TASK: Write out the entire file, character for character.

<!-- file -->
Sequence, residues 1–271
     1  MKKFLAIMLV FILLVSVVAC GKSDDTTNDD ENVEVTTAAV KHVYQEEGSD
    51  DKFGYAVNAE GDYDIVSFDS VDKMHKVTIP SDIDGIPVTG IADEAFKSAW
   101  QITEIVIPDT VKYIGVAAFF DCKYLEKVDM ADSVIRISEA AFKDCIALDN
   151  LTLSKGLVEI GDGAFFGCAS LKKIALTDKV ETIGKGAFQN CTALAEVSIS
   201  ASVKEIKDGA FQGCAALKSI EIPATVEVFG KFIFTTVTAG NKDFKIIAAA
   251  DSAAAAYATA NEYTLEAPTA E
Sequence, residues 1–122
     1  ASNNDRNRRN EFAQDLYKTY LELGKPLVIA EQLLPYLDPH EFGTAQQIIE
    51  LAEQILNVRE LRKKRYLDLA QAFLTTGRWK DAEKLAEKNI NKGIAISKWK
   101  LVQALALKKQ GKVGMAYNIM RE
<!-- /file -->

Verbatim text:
Sequence, residues 1–271
     1  MKKFLAIMLV FILLVSVVAC GKSDDTTNDD ENVEVTTAAV KHVYQEEGSD
    51  DKFGYAVNAE GDYDIVSFDS VDKMHKVTIP SDIDGIPVTG IADEAFKSAW
   101  QITEIVIPDT VKYIGVAAFF DCKYLEKVDM ADSVIRISEA AFKDCIALDN
   151  LTLSKGLVEI GDGAFFGCAS LKKIALTDKV ETIGKGAFQN CTALAEVSIS
   201  ASVKEIKDGA FQGCAALKSI EIPATVEVFG KFIFTTVTAG NKDFKIIAAA
   251  DSAAAAYATA NEYTLEAPTA E
Sequence, residues 1–122
     1  ASNNDRNRRN EFAQDLYKTY LELGKPLVIA EQLLPYLDPH EFGTAQQIIE
    51  LAEQILNVRE LRKKRYLDLA QAFLTTGRWK DAEKLAEKNI NKGIAISKWK
   101  LVQALALKKQ GKVGMAYNIM RE